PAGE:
A viscerally exciting thriller about a druggie who panics and takes off when he wakes up to find that the woman he had partied with the previous night has OD’d. Presented in real time, so that the film appears to have been shot in one continuous take. Directed by Justin Mcconnell.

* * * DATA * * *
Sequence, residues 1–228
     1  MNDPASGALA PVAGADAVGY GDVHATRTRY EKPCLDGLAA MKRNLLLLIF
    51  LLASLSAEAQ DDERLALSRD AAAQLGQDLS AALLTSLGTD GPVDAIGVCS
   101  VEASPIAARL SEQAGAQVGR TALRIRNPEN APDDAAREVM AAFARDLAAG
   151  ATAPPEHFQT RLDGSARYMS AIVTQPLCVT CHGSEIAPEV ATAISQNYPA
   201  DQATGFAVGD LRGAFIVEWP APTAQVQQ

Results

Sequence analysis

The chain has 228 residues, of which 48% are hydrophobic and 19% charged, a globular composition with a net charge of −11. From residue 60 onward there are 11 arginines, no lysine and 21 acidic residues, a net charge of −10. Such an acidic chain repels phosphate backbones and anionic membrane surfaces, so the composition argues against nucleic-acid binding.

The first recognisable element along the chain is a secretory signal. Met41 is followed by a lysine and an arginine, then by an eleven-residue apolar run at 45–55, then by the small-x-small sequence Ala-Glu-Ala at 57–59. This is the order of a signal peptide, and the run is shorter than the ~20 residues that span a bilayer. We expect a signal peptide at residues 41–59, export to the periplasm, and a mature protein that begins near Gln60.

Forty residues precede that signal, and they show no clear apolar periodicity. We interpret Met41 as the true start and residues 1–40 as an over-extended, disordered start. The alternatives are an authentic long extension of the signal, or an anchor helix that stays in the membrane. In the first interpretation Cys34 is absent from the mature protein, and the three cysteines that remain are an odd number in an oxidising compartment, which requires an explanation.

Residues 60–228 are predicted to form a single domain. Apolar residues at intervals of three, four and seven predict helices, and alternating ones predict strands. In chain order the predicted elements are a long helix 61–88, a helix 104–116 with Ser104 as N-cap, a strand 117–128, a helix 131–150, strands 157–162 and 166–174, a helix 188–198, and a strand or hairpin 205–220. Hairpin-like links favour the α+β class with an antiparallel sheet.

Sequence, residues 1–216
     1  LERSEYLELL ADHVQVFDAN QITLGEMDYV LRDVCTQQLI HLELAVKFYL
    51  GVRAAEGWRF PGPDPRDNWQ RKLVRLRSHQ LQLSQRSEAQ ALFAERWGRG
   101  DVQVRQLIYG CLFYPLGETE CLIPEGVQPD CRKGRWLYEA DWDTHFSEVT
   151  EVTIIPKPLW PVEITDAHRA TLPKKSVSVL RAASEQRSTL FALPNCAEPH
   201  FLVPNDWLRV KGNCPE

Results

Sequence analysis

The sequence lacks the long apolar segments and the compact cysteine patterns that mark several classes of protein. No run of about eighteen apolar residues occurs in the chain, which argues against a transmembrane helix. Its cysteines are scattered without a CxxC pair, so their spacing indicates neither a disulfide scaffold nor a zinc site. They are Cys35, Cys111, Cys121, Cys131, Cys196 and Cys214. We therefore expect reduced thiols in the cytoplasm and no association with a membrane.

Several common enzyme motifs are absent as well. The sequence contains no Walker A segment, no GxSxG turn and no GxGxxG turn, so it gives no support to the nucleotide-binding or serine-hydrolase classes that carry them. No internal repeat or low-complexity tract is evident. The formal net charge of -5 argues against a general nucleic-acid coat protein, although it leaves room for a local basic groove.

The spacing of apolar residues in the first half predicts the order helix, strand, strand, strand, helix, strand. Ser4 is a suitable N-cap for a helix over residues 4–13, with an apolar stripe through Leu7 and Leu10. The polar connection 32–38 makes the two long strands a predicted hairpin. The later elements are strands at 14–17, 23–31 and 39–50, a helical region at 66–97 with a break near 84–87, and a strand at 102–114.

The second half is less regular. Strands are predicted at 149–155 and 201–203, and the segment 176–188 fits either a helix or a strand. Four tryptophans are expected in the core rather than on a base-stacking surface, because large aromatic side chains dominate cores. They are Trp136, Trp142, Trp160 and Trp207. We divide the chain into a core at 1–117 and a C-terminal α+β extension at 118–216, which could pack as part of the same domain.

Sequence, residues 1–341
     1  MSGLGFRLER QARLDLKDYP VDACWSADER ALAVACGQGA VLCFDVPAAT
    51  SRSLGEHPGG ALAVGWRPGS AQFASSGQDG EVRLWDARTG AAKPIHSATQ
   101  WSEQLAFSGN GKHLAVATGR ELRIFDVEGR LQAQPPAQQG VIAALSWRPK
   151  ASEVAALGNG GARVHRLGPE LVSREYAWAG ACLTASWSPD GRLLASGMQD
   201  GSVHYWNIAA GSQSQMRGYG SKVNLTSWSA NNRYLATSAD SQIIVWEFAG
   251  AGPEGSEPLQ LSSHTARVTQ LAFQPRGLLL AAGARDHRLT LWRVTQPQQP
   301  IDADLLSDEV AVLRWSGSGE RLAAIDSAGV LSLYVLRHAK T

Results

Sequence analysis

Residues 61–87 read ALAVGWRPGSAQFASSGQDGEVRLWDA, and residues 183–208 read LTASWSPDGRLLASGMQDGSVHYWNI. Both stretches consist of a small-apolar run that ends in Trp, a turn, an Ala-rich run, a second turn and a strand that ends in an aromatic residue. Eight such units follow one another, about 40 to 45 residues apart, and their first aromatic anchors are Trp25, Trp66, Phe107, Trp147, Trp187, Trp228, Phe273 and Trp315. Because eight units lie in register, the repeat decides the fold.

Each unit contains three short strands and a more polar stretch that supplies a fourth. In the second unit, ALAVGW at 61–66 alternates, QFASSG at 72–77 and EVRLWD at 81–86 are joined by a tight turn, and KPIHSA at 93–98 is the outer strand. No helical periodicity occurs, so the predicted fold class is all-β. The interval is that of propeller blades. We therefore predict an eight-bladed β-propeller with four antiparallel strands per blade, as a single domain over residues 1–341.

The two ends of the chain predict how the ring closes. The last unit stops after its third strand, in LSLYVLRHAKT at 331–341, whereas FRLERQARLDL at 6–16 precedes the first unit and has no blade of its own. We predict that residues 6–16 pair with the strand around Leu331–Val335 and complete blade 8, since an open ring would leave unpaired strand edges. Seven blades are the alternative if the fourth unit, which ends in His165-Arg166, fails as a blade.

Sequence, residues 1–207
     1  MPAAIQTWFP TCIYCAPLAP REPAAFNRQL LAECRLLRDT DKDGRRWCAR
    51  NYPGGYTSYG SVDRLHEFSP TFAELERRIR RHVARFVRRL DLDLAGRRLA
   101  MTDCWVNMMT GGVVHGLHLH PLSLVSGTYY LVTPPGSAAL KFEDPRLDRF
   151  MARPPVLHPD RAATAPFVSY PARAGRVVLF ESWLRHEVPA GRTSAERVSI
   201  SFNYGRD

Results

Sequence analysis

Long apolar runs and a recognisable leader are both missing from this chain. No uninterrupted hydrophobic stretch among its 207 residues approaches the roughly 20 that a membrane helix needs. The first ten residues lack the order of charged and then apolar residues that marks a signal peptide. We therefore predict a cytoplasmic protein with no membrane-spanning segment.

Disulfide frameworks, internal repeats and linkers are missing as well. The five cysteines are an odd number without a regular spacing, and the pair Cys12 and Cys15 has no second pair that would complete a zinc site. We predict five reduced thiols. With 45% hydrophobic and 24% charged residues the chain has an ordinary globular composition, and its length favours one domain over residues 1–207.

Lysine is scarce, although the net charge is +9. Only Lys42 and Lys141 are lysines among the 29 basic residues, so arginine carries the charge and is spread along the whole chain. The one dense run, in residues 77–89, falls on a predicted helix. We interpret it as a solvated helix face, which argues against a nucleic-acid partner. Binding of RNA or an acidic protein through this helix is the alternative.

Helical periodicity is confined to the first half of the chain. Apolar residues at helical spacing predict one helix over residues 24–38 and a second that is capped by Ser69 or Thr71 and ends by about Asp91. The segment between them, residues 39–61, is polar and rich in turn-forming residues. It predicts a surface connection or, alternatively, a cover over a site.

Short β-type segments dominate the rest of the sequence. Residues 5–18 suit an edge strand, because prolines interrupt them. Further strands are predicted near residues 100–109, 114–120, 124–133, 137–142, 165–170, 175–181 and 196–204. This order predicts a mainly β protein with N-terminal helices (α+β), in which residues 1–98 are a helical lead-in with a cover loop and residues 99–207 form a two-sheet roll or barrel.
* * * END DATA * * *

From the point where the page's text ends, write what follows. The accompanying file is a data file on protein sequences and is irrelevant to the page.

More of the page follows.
Over the years, there have been a number of thrillers that have attempted to tell their tales in only a few or single takes. Hitchcock did it with ROPE in 1948, and the only reason he had to break up the film into four segments was because cameras could only hold twenty minute clips at the time. Last year, the German film VICTORIA attempted a similar stunt. And of course, while it was not a thriller, RUSSIAN ARK by Aleksandr Sokurov remains the most accomplished single take movie ever made. Now we can add to the list with an exciting new Canadian thriller by director Justin McConnell. A drug addict awakens in a daze after a night of hard partying, and realizes that a woman he had been partaking with may have OD’d. In a blurry state of panic, he bolts, taking off through the city, pursued by a man who knew the dead woman. He desperately seeks the help of a woman in hopes she can help protect him. Shot in real time with long, hand-held single takes, racing down city streets and dodging traffic, this is a viscerally exciting movie that is unlike anything ever attempted in Canadian film. And it really works: an edge-of-your-seat roller-coaster ride that is many cuts above your average cookie-cutter American thriller.